At the same time though, players do like to be surprised. After all, there is a reason why thrillers and mysteries are so popular or why people like good plot twists.

But that's not the player. And the common nerd reaction to a character having something bad happen to them, or being put in a bad position, is to point out the mistakes the character made - such as not using the device that was established last season as being able to prevent bad positions like the one they're in. So, players make absolutely sure they make no mistakes, that they use all their resources, so when they find themselves in a bad position, they can tell themselves that it wasn't their fault. Some will even decide that because they made no mistakes, and acted logically, that for the DM to put them in a bad position is unfair. Hence the desire of the OP to find an existing spell that blocks Detect Magic. If it exists, then the DM didn't make Detect Magic unreliable, didn't "screw" the players; the players just didn't realize it was unreliable. They made the mistake, and so they can't complain about the consequences.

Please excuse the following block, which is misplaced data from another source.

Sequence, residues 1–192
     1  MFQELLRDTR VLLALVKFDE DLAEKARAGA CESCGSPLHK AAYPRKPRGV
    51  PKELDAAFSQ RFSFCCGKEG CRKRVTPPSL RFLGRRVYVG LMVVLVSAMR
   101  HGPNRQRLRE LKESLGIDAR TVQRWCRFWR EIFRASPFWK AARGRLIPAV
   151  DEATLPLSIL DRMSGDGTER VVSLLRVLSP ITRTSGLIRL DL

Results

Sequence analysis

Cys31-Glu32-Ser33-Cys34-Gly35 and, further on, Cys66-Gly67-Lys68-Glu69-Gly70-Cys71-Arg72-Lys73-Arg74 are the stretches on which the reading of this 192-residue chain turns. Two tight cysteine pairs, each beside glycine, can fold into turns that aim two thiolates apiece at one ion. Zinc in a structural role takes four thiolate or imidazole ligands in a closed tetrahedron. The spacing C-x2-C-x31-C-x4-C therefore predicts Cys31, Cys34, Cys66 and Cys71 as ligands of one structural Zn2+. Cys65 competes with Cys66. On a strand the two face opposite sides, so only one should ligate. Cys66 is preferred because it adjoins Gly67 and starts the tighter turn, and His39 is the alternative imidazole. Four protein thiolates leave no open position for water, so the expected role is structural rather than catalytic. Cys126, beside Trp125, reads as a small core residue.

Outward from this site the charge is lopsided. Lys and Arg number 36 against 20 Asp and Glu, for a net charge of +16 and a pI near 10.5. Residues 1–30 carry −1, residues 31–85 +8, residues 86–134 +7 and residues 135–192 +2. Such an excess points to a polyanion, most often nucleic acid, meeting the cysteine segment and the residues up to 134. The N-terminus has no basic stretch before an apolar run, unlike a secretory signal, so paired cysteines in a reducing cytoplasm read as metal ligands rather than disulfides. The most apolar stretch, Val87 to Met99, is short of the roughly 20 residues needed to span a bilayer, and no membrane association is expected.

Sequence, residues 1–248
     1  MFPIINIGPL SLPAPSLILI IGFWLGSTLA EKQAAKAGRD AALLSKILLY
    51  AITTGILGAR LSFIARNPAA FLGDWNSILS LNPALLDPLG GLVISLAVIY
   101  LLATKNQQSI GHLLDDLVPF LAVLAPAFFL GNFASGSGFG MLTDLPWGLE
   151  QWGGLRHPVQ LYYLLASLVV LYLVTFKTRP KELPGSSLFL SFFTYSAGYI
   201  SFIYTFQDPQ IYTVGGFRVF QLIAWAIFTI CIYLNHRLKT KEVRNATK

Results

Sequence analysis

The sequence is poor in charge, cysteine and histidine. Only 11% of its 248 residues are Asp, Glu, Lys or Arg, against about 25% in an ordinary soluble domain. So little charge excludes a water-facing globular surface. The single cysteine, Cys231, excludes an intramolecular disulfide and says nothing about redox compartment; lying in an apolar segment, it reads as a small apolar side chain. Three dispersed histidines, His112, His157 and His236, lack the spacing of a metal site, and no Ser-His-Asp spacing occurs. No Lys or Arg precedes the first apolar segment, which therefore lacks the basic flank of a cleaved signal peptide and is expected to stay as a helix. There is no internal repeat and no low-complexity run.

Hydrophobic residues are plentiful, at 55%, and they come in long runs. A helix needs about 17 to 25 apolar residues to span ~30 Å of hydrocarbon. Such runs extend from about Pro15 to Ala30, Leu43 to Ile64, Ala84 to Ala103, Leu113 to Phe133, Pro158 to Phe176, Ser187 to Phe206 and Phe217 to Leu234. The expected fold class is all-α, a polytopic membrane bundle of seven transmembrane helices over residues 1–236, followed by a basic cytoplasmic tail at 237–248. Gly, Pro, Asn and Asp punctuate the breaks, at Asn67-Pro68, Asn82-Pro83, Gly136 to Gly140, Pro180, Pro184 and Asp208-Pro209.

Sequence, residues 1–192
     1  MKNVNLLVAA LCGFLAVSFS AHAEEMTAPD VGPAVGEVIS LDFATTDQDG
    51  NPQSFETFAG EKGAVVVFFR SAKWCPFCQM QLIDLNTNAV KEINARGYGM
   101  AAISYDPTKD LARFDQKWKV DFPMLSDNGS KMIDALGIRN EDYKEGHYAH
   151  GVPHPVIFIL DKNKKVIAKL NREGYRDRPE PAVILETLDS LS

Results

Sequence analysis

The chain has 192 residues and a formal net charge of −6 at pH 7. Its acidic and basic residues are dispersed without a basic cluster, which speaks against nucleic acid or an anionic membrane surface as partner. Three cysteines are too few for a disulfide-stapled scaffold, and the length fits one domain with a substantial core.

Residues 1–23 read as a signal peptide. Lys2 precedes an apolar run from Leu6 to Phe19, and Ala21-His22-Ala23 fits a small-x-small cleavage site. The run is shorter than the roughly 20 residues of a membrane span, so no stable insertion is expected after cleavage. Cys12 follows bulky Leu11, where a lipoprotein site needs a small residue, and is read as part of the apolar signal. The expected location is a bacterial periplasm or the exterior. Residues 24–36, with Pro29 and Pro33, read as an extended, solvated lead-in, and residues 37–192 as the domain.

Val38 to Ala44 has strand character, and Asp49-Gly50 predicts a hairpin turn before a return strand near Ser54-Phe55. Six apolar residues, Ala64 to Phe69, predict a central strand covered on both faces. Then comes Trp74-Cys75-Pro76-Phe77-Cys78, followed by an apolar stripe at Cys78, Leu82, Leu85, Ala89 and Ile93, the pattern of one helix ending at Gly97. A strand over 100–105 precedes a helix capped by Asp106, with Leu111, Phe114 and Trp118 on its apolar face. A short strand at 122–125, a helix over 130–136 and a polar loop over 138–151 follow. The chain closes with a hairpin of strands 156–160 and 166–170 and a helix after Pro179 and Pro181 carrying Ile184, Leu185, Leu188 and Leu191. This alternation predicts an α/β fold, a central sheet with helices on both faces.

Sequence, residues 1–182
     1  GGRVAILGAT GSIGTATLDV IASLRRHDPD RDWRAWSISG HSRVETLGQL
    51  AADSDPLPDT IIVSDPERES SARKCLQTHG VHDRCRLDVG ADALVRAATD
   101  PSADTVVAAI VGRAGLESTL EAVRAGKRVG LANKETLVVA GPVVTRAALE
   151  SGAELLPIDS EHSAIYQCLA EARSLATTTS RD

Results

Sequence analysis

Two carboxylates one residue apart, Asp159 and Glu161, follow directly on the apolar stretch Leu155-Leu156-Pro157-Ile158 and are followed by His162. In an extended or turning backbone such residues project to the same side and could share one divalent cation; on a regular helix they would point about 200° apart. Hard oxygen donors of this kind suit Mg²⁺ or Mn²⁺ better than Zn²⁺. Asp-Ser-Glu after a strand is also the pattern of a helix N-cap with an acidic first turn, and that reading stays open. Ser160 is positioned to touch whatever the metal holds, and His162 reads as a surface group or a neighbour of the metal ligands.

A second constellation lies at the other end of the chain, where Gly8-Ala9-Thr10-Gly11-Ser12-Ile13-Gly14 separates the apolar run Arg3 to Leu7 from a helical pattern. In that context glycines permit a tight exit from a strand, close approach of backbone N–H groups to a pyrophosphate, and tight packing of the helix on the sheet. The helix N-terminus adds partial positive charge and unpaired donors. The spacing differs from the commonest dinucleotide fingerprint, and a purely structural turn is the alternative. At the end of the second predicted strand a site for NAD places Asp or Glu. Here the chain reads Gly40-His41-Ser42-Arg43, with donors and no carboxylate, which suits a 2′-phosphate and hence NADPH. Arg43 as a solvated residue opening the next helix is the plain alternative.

Players also like to be challenged, needing to think on how to deal with a problem with the tools they have preferably in unexpected and unintended ways.

Do they? I think they do in the abstract, but in my experience, players accept challenging circumstances grudgingly, and only after a DM has repeatedly told them that, no, such-and-such plausible-resource-that-the-DM-didn't-consider-but-which-would-short-circuit-the-challenge is not present. I feel that it's more like players want to be smart and circumvent a challenge, rather than deal with it in a straightforward way.

Mind you, there are other good reasons why traps should not be detectable with a simple detect magic. Traps are designed to remain hidden.